“The other thing to remember when doing sort-of risky humor that involves politics and stuff, is the second information passes your lips, your fingers on the Twitter, everybody else gets to own it in eternity. That’s the biggest thing that you have to remember. So you don’t get to have a take-back – ‘No! I really meant!’ Everybody gets to decide what you meant. And you can try to explain it, but sometimes you just got to…”
“The biggest reason to use humor would be to re-engage people who feel a little bit disenfranchised, but also to enfranchise people who feel like all things are the same.”
Silverman got bit this spring when one of her videos fell short, but only because she chose an ill-fitting example from her past about equal pay. It didn’t change the larger facts about employers paying women less than they pay men for the same job.
Shaina Stigler, who co-founded a Bad Assery campaign this spring with a full weekend of shows, panels and workshops for women and comedy in March, said Silverman “should be the rule, not the exception” when it comes to comedian using their fame to advance social causes. “As a performer or entertainer or anyone who has access to a wide breadth of people, you have an opportunity and a responsibility to do something good with that platform. Especially as a comedian who is gifted with making difficult issues more digestible through humor, you should use that power for good, for empowerment, for enrichment,” Stigler said.
Alexandro, for his part, applauds Silverman for being “funny, smart and articulate and does a really good job of discussing issues that matter and creating dialogue around those issues. And she also makes it entertaining.”
Whether other comedians can learn from her example, though, Alexandro isn’t so certain. “I think it’s personal,” he said. “If you are moved to speak out in such a way, go for it. I guess her example can let people know that it won’t necessarily hurt your career and it can even help.”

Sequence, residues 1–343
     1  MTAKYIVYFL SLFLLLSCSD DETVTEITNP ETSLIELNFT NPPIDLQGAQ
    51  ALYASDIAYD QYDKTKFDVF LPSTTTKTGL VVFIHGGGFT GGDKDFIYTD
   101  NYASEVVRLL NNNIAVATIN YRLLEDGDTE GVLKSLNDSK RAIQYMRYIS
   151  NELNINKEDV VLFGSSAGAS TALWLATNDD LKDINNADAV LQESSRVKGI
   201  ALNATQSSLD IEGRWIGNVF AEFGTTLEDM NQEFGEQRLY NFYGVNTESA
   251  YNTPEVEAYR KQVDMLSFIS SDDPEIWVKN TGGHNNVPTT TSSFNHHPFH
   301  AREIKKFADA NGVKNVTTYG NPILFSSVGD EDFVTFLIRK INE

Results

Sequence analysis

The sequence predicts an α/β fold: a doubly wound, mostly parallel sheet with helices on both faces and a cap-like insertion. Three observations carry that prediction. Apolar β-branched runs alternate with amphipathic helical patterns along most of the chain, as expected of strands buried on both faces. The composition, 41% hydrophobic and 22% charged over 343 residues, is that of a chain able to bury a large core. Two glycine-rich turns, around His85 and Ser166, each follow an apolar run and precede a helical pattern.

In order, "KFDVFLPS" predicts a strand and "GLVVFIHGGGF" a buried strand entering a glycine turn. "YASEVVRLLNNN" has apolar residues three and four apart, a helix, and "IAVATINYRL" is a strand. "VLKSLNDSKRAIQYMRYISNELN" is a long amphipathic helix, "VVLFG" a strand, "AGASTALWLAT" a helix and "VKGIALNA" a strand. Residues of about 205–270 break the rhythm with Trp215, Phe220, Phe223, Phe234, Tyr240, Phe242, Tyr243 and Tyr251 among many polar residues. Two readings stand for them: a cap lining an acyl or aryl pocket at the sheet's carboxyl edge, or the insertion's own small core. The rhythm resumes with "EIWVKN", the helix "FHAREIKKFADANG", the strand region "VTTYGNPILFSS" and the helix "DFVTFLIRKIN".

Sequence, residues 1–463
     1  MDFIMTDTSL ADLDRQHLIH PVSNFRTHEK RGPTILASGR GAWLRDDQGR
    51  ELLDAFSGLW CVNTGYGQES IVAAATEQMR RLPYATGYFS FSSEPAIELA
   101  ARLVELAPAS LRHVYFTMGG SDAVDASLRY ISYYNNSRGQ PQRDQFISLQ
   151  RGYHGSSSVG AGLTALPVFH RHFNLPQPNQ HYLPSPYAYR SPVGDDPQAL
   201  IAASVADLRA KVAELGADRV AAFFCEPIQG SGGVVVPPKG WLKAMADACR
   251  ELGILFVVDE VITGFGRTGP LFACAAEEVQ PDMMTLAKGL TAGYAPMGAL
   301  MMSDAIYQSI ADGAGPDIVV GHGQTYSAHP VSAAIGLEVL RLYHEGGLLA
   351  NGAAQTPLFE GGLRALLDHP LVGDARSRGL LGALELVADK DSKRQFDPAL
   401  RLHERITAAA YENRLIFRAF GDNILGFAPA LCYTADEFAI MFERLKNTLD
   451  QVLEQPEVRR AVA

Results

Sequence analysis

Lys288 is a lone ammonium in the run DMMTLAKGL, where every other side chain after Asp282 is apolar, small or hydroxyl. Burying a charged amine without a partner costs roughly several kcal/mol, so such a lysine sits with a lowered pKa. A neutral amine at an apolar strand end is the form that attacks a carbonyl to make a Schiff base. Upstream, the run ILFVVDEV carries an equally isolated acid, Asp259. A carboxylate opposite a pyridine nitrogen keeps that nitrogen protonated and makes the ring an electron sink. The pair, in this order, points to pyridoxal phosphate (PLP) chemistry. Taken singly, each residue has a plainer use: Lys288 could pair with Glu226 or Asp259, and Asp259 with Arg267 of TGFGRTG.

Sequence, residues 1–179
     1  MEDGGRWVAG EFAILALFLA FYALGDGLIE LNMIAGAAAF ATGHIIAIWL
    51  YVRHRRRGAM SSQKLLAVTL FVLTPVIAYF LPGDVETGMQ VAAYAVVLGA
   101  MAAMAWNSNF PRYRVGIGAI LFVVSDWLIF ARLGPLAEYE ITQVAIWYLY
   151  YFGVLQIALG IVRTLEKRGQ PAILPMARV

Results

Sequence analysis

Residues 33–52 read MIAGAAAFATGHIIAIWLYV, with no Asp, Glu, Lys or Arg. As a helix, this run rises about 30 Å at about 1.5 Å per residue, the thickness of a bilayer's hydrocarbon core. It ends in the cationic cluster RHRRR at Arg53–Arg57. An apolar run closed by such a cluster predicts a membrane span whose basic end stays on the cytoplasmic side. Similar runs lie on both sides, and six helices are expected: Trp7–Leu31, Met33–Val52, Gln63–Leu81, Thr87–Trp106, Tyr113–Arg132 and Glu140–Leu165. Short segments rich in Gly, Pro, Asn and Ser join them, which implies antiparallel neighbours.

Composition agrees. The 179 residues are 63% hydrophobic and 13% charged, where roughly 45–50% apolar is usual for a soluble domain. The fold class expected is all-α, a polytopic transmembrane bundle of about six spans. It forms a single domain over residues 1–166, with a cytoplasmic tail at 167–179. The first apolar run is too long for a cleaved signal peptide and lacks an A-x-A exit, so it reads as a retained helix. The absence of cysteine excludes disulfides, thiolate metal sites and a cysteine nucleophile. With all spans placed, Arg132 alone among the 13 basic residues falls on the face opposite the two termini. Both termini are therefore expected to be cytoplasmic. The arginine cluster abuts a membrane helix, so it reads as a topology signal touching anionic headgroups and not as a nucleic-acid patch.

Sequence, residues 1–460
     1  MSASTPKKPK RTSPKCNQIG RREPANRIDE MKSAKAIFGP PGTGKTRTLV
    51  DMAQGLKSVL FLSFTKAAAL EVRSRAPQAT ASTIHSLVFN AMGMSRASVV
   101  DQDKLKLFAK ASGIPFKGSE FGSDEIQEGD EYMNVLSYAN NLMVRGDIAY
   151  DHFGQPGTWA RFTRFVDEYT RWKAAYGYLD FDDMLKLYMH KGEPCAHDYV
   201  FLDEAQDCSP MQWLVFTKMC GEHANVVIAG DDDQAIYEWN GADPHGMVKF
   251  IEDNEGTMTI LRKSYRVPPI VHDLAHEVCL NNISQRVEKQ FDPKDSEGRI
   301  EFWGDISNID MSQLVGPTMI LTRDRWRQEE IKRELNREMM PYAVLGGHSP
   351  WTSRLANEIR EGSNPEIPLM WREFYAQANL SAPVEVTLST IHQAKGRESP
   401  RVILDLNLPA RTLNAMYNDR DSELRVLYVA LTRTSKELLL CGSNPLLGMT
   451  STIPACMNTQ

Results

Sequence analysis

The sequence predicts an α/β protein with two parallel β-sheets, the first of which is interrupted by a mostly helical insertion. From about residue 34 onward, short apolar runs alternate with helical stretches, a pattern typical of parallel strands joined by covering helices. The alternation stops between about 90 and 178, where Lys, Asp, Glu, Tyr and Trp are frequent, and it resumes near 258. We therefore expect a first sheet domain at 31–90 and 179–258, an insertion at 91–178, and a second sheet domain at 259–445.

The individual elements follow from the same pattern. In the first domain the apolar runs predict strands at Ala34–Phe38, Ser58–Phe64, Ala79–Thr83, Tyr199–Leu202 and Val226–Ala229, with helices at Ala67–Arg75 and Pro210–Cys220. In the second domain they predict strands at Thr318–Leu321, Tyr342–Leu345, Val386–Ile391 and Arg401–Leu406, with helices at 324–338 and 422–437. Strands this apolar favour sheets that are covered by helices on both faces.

“I’ve learned that it’s helpful to put the frustration, anger and disillusionment someplace constructive. I feel better for having participated and also being around like minded people who are involved and doing good work.”
Are there any dangers in comedians delivering a serious message without also including jokes? “Danger might be a strong word but sometimes people expect comedians to be funny, and nothing else,” Alexandro said. “For a comedian, and a woman, to venture outside of those prescribed roles, some people take offense. But who cares? I say “Bravo” to Sarah and anyone who takes the time to voice a well thought-out opinion, whether expressed comedically or otherwise. If people can sit and watch comedians roast Justin Bieber they should be able to listen to a comedian essentially roast gender pay inequality.”
Apollo WOW Festival: 1 p.m. Sunday, June 14, Apollo Theater. Just Take the Mic: The Power of Feminism in Comedy, with Phoebe Robinson, Liz Miele, Emily Schorr Lesnick and Amanda Seales
Lady Parts Justice Carnival: 3-8 p.m. Sunday, June 14, The Creek and the Cave. Carnival games, food and celebrity guests. 8 p.m., “An Evening of Sexual Storytelling with Lady Parts Justice” featuring Corinne Fisher, Sara Benincasa, Shalewa Sharpe, and more. $15 discount tickets here.